St Dominic and the Preaching of Mercy
I consider it truly providential that the Dominican Jubilee to celebrate 800 years of the Order of Preachers should overlap with Jubilee Year of Mercy. St Dominic’s life was characterised by the practise of mercy and, ever since, his example has inspired men and women to follow him in the Order as Preachers of God’s mercy.
St Dominic’s legacy to the Church is an Order that at its best faithfully lives its motto of Veritas (truth). St Dominic realised that the truth was not merely something that we know, but a way of living which saves. He was acutely aware of how many people, even within Christendom, had not properly heard this saving truth and, motivated by mercy, he desired to share this truth with as many as possible. He saw the lie in any attempt to oppose mercy to truth. Pope Francis expresses this same insight when he says: ‘The Church condemns sin because it has to relay the truth: “this is a sin”. But at the same time, it embraces the sinner who recognises himself as such, it welcomes him, it speaks to him of the infinite mercy of God. Jesus forgave even those who crucified and scorned him.’ Mercy does not ignore sin, nor does it reject the sinner.
The accounts of St Dominic’s life are not as full as one would wish, but we learn from them of a hugely impressive character, worthy of emulation. One surprising element of his life is just how reactive it was; there was no single pivotal moment of divine inspiration in which the shape of his life’s mission and the Order became clear to him. We observe a man continually reacting to changing circumstances, and always with mercy and fidelity.
St Dominic was born in the small Spanish town of Caleruega in the early 1170s. At an early age, he was marked out by his parents for a clerical career. Even before the foundation of the Order, whilst he was still a university student in Palencia, we see mercy manifesting itself in his life. There was a severe famine and people were dying of hunger; so Dominic sold everything he owned, including the books which were so precious to him, to provide for the needy, saying, ‘I do not want to study dead skins, while people are dying of hunger’. He saw need, felt compassion, and acted.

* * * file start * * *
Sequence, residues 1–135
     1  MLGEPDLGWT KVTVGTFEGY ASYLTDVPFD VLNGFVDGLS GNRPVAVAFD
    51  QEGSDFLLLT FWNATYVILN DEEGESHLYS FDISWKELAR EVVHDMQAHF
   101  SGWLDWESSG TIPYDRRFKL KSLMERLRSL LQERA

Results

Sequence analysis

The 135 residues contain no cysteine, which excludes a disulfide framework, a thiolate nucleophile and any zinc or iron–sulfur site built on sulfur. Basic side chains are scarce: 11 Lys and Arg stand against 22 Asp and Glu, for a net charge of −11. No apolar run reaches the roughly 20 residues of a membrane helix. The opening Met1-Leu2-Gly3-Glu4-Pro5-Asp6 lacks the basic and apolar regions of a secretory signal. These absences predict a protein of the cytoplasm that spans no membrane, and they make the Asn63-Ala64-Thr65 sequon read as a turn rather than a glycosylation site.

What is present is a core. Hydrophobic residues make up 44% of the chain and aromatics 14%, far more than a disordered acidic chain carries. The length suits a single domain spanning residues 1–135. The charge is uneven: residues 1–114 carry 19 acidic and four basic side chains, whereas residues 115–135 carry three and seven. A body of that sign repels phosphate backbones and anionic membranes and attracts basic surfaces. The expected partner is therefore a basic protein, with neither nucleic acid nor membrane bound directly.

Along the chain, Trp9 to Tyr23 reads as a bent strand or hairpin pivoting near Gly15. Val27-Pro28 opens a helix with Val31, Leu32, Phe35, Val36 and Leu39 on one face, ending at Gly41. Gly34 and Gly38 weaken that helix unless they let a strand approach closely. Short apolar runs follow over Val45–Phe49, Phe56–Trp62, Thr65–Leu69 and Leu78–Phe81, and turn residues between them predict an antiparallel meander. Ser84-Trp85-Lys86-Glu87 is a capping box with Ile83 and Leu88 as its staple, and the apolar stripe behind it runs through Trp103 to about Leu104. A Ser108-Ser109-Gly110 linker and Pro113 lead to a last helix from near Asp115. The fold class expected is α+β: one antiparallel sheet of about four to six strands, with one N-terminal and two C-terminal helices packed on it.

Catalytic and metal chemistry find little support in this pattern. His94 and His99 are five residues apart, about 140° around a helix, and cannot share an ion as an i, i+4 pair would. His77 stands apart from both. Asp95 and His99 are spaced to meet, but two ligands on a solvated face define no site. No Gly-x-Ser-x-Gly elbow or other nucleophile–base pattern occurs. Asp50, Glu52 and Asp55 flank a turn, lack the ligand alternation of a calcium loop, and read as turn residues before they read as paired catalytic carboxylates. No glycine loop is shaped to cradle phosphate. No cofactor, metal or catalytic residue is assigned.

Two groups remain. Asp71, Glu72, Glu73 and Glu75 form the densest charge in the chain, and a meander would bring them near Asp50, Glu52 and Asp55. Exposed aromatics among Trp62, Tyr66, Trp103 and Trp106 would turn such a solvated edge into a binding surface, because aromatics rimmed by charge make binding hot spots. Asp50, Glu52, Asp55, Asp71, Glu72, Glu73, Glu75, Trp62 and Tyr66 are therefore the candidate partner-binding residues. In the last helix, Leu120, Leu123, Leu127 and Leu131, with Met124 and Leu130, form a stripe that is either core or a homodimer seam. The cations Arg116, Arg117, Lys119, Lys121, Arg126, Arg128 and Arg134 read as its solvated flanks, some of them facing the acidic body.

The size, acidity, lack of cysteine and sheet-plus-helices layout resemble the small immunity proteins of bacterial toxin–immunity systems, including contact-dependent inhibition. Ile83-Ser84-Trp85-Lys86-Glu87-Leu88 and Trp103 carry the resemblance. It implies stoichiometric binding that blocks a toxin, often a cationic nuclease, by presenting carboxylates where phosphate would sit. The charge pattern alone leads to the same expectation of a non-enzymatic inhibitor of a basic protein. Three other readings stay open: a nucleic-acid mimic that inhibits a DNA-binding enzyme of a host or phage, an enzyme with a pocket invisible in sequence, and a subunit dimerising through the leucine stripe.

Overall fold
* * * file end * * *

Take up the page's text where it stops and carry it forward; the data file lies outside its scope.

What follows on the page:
Similarly, we know that whilst he was in Rome in 1217, liaising with the Pope on what form the Order would take, he would regularly go and visit the recluses who lived in often appalling conditions in the old walls of Rome. This calls to mind Pope Francis’s visiting of the slums and his constant and necessary refrain that nobody is beyond the mercy of God. As he says, the Church must take God’s mercy to these people now, not wait for them to take the initiative. This is precisely what St Dominic would go on to do.
Travelling with his Bishop whilst still a Cathedral Canon of Osma, St Dominic became aware that, in certain parts of the Church, there was a chasm between what the Church preached and how its clerics behaved. He saw that the answer was not to water down the teaching, but to live it more radically. He was prepared to undertake whatever hardships were necessary to bring the mercy of God to sinners and saw that it was going to be necessary to be increasingly like the Apostles. He had not sold his books in Palencia because he had renounced learning. Nor was his decision permanently to leave his position as a Canon in Osma because he no longer wished to live in one place. Rather, because he saw so much suffering due to sin, he was moved to do something different from what the Church was currently doing.